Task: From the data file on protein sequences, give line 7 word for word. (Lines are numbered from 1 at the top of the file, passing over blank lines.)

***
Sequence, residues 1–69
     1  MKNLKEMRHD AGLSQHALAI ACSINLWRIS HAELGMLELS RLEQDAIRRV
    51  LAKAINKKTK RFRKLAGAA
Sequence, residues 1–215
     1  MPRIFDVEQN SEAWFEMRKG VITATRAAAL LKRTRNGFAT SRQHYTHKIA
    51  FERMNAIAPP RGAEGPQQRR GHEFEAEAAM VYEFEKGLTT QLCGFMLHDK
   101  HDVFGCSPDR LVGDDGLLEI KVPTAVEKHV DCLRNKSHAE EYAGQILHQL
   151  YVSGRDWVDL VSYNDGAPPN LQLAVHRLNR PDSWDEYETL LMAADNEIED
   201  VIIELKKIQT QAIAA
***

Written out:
   101  HDVFGCSPDR LVGDDGLLEI KVPTAVEKHV DCLRNKSHAE EYAGQILHQL